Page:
Overview: Harley’s sojourn on Apokolips comes to an end as she teams up with Petite Tina to stand up to Granny Goddess!
Synopsis (spoilers ahead): The action kicks off with Harley suffering at the hands of a torturer, Psycho Crusher! Unfortunately for Psycho Crusher, Harley is proving quite resistant to the brainwashing program. While Psycho Crusher goes to get some more tools to complete the job, Harley escapes with the aid of Petite Tina. They find themselves in Granny Goddess’s bedchamber where Harley makes a series of jokes about the statue of Darkseid by the bed. Petite Tina tells the story of how she came to be corrupted and enslaved by Granny Goddess, while Harley flashes back to an episode from her fantasies of her and the Joker.
With her hammer regained, Harley is tempted to make a clean getaway but Tina reminds her that millions will die in Granny’s Subjudicator machine. After some internal debate, Harley agrees to help. After tricking Granny with a facsimile of Darkseid, Harley faces up to the pain and punishment of Granny, before acquiring the Splinter of Destiny in their fight, which Granny needs to power the Subjudicator. After ejecting the Splinter into a Boom tube, (where it seems to find of all people, Lobo!) Harley taunts Granny even as she takes some more blows, before Tina turns up, clobbering Granny, and the two of them make their escape to a beach on Earth.
Before they can enjoy their downtime too much though, Coach calls Harley telling her she’s needed back at home, “They’re tearing down the building!”
Analysis: So far this Apokolips arc has been an absolute winner for the Harley Quinn title and if this issue mainly focuses on wrapping loose ends (which it definitely does) it does so in a fun and entertaining fashion. Harley has truly embraced her manic, fun side in this crazy off-the-wall arc and it WORKS! Something of note is that Humphries is working with is this concept of multiple Harleys, crammed inside the telephone box of Harley’s brain, all demanding attention and arguing over plot details and decisions. It’s not deeply written but it is entertaining and definitely is reminiscent of similar conversations Deadpool would have, while still training an all-Harley flavor. For it to work, it needs to be kept to a page at most to explore this concept each issue as it is a repetitive joke which elects a chuckle but shouldn’t compete for too much space.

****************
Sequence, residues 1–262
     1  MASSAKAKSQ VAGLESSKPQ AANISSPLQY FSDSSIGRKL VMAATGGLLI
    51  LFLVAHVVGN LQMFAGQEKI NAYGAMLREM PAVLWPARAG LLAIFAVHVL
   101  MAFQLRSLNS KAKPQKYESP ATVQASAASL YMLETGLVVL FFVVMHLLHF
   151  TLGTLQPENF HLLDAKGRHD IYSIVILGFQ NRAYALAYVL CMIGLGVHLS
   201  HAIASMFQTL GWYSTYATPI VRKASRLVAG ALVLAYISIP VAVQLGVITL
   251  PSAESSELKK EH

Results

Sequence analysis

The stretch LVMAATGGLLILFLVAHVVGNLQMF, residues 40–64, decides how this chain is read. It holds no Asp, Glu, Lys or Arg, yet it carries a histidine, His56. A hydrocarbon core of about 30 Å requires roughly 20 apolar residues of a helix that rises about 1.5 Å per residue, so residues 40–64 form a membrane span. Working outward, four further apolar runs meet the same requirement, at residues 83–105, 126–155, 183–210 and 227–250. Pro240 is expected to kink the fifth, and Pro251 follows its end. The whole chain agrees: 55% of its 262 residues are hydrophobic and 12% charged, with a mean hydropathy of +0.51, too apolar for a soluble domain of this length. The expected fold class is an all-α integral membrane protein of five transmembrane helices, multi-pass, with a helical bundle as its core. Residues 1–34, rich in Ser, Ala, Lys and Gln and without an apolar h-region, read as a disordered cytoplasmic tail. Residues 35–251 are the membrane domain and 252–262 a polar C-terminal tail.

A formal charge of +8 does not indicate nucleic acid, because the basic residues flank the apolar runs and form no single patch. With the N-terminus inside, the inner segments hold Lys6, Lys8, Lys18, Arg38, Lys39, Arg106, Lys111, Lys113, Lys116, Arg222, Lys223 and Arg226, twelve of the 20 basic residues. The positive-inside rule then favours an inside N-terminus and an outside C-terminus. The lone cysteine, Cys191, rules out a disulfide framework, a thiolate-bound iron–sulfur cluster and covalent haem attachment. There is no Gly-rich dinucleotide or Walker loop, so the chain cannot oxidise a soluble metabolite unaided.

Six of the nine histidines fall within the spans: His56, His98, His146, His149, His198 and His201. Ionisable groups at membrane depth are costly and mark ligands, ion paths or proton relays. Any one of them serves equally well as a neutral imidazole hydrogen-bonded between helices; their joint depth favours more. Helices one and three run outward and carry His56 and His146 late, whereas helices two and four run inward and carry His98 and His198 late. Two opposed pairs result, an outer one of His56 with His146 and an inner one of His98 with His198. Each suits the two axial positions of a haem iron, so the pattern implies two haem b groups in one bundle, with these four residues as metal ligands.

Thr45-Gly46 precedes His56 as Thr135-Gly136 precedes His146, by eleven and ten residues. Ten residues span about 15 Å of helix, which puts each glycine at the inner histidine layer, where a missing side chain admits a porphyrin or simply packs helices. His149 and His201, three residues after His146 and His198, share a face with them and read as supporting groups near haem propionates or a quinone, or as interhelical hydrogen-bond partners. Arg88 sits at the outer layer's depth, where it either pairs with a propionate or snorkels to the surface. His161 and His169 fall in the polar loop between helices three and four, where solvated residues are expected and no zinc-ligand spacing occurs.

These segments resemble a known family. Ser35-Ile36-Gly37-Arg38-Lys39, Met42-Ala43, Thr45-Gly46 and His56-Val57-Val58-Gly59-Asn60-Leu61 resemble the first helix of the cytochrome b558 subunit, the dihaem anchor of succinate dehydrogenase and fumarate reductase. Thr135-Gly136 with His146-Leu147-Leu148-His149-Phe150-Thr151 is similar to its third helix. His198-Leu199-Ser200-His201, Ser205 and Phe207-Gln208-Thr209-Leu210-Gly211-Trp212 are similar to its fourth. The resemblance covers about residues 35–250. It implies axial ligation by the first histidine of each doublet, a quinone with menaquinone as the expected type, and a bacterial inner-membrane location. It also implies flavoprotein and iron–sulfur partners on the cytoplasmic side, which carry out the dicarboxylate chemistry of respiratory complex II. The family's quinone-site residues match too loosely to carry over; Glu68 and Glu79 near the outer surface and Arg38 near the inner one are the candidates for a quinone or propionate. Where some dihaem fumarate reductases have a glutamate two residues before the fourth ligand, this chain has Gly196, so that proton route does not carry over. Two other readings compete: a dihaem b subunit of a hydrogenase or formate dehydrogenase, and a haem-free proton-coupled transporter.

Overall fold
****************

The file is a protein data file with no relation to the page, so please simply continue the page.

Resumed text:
Of interest is just how much of a hero Harley really has become – although she fights against it in theory, when debating with her alter-egos, Harley in the persona which DC have been very consistent with since Palmiotti and Conner began their run in the New 52, is never close to evil. She’s self-centred and can be selfish, but the quandary of whether Harley would knowingly condemn millions of innocents to death under the hand of Granny Goddess, is not really a quandary at all. She might be self-centred, but she’s definitely got a heart of gold, our little Harley Quinn! As a reader who has really enjoyed Harley Quinn in general through her publishing run, but in particular since the conscious shift to move away from the confines of the Joker storyline (although he still does get a little flashback/day-dream cameo in this issue for example) the move into anti-hero territory that veers more on the “hero” side is I believe a good move for Harley and DC. Right now the title contains a pretty heavy layer of “wacky” and “funny” which works so well against the back of Apokolips which is so far out there with all its Kirbyesque trappings. It will be interesting to see with Harley back in Coney by issue end, and how Humphries will handle the transition to a more grounded playground for Harley.
The art in the Apokolips issues has been top notch by John Timms, with a generous color palette by Gabe Elteb which really fleshes out the scenes on Apokolips and adds to the crazed maxed-out feel of proceedings. All in all, this was a great way to wrap up the issue to an extremely entertaining story arc.
Final Thoughts: A good, fun arc wraps up with a satisfying conclusion! Sam Humphries is COOKIN’ on this title!
Editor’s Note: David Finn is the author of The Asanti Series. Demorn: Blade of Exile, Demorn: City of Innocents and the latest book, Demorn: Soul Fighter, are currently available on Amazon here.